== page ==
Rules are the smallest building blocks of a static analysis configuration. Each analysis configuration applies different rules, or sets of rules, that define the conditions that generate results and that assess the quality of your resources. A rule category is a collection of analysis rules, or other categories, that focus on a particular aspect of standards compliance.
A rule is a specific statement that describes one action to follow when you write code. For example, the following statements are code review rules:
Rules form the basis of an analysis configuration. When you perform an analysis, you check whether your resources comply with a specific rule, or set of rules. You can modify rules and create user-defined rules if you need them to be more specific to your application design standards. The rules listed earlier, for example, belong to the design principles category. Rules that apply to similar capabilities, or code structures, belong to the same category. You can apply rules from several categories depending on the purpose of your review.
Rule authors assign a severity level to each rule to specify how seriously a resource that conflicts with the rule deviates from the standards. Each rule has one of the severity levels in the following table:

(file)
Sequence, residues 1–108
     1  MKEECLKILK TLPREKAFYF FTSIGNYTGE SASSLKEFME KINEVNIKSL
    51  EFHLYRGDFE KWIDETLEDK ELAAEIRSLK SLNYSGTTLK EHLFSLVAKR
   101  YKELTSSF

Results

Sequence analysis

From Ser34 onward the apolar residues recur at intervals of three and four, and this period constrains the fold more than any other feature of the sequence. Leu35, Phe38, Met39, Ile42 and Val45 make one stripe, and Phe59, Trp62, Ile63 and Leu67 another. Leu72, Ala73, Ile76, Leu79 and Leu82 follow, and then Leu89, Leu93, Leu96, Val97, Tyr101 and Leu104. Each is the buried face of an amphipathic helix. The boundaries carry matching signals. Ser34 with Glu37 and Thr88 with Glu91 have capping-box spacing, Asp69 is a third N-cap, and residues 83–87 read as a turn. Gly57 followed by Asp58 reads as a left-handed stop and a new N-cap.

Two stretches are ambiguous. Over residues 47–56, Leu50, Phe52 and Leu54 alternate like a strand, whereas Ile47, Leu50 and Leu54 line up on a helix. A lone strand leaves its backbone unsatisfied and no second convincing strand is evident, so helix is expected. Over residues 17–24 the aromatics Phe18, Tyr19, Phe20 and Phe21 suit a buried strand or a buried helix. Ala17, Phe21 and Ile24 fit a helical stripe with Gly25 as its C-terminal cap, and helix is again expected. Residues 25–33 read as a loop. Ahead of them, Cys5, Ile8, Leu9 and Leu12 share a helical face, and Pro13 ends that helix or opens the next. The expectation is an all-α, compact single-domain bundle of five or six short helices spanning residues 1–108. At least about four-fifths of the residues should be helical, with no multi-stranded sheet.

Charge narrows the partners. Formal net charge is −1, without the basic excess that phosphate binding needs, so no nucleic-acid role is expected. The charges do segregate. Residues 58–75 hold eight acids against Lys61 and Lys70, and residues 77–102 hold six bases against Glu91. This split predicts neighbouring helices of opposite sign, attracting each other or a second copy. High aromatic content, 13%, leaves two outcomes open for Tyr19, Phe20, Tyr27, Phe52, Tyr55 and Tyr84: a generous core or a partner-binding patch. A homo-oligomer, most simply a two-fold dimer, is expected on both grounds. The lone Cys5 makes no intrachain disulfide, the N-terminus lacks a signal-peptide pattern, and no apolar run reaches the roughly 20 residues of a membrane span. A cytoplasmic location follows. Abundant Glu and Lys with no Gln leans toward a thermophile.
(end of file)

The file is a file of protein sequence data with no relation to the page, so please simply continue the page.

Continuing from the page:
|Recommendation||This is the lowest severity level. The result indicates a problem that is not serious, but that you should consider fixing soon.|
|Warning||This severity level indicates that a resource very likely has a problem that you need to resolve.|
|Severe||This is the highest severity level. It indicates that you should resolve the problem that the result points to.|
Although recommendation is the lowest level, it is still important to address results with this severity level. Even if these results are not immediate problems, they could lead to problems in the future. The rules are based on a set of best practices and industry standards to which development teams should adhere.
Analysis domains are components of the analysis framework that implement groups of tools that contain categories. You can select different domains for different types of analysis and, depending on the requirements of your analysis, you can enable or disable a rule category and individual rules in the category.
An example of a rule category is the performance category for code reviews. Performance, as an important aspect of the overall quality of an application, should be one of the characteristics you test in a code review. The performance rule category has three subcategories, memory, profiling, and speed, each of which contains a set of rules that you apply to your source code when you run an analysis with this category selected.